Last (but not least) my lovely yucca. It was also a salvage plant. The guy up the street had it sitting on the curb with a sign that read “FREE”. that was five years ago. It’s grown, it’s bloomed every year, and I completely forget about it when it isn’t blooming. I love my yucca and it loves me.

There’s a weed growing in it that is nearly as tall as the yucca itself. I keep forgetting to pull the weed.

The creek beyond the yucca is the street I live on. Lovely how it turns into a creek when we have nearly an inch of rain fall in one morning.

That’s the tour for now. I have so much work to do. So much work… But it is all worth it.

ttfn!

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GARDEN!

I felt like I needed to shout that.

1. It has been unseasonably cold here. And wet, but that is normal.

2. The nice days we did have happened when I was in Nevada.

3. My garden should have had the decency to wait for me to get home but the weeds and flowers just kept on growing. In some cases, the weeds outpaced the flowers by several feet.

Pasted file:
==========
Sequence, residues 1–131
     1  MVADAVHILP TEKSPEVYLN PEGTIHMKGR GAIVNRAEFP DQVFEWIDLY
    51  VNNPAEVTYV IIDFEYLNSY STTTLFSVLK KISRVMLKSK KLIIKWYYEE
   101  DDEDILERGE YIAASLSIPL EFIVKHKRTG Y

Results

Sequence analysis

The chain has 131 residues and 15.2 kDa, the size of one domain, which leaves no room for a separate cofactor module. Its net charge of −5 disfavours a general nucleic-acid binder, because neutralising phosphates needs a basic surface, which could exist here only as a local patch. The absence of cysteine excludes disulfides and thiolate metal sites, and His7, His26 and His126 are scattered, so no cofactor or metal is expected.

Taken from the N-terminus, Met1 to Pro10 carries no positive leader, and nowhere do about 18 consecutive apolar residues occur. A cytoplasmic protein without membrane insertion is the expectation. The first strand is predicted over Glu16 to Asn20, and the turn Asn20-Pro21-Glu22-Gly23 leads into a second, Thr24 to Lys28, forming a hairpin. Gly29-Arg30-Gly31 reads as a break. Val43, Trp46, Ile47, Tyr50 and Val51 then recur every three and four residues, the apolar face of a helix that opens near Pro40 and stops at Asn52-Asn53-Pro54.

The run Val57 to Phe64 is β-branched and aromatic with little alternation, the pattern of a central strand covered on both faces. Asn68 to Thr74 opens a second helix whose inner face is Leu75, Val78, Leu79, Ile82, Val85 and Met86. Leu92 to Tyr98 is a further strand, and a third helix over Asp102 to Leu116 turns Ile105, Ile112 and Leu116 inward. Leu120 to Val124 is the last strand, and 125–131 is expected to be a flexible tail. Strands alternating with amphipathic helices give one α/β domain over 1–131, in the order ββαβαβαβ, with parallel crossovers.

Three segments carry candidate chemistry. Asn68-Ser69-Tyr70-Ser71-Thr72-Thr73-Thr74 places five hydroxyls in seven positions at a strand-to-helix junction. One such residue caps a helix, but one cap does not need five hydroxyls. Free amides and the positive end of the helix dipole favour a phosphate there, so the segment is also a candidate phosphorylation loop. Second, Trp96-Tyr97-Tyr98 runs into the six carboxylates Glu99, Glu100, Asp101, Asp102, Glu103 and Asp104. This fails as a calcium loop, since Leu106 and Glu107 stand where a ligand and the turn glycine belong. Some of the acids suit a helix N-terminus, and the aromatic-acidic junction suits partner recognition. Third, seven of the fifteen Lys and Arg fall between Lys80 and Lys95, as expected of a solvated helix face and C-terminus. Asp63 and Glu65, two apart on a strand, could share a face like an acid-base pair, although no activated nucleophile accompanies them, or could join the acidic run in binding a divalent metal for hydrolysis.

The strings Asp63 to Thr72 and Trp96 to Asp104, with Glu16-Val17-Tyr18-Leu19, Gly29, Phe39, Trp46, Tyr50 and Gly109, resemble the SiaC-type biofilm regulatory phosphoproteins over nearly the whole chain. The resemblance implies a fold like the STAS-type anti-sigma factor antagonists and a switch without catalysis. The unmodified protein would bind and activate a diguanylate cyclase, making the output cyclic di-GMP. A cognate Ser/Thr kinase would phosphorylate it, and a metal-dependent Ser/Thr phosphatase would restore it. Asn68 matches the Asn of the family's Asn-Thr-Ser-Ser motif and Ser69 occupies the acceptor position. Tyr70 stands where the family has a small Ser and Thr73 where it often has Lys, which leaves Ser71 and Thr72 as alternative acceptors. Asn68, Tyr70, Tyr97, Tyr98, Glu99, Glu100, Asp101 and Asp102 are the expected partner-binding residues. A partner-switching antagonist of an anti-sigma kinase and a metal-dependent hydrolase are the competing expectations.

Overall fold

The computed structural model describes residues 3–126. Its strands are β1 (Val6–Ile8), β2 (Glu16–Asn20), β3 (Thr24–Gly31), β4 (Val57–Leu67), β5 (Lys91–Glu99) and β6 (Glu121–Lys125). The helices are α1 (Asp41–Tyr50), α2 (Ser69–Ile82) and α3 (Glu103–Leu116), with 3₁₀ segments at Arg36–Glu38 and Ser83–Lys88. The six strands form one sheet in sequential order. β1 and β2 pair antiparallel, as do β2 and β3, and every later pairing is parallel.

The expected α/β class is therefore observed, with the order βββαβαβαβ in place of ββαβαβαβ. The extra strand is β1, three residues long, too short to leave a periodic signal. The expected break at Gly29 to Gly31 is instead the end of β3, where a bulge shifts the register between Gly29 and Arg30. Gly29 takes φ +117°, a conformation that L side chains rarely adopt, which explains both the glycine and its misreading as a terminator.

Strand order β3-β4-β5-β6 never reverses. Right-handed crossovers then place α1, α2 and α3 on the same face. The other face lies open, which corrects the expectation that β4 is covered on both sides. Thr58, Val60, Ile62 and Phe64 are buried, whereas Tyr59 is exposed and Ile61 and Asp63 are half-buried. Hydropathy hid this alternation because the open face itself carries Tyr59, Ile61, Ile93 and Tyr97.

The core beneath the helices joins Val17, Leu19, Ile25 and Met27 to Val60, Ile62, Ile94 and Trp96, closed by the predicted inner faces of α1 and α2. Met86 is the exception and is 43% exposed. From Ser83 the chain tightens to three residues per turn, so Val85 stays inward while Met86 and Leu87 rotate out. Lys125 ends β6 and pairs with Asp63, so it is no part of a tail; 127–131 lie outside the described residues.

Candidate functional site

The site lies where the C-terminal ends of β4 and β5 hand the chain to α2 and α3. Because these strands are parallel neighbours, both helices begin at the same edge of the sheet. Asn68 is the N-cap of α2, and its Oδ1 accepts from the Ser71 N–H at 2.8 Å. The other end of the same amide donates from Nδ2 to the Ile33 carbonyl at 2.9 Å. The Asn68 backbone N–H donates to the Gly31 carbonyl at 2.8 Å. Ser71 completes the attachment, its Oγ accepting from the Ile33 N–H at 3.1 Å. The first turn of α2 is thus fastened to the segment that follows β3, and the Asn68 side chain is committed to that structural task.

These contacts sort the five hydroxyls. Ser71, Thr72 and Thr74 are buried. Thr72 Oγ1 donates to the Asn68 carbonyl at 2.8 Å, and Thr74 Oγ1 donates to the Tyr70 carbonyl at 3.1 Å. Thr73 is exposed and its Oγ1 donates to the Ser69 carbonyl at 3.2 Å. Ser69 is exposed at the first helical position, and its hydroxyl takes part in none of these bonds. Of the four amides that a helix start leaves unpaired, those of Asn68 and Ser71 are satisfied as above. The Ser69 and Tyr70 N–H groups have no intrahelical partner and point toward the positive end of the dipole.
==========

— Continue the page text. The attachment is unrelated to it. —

Case in point. My prayer garden.

You can see a smattering of blue forget-me-nots and pink bleeding hearts. It was a jungle.

The first thing I did this weekend was I bought two rolls of bamboo screen from Home Depot. For less than $48, I now have privacy in my prayer garden! I don’t have to worry about the neighbors coming out to work in their garden at the same time I am enjoying mine (except I will still be able to hear them).

I don’t know why I did not think of this sooner. Ever since the big tree fell and smashed the chain link, I have had to deal with the renters next door. Nice enough people, but she tends to like to garden in her bikini. I should be thankful she doesn’t garden in the nude: she’s around 55-65 years old age, 5’10” and weighs about 100 pounds. Not an obscene visual just a highly unnecessary one.

Now I don’t have to look. And on the flip side, she doesn’t have to look at me.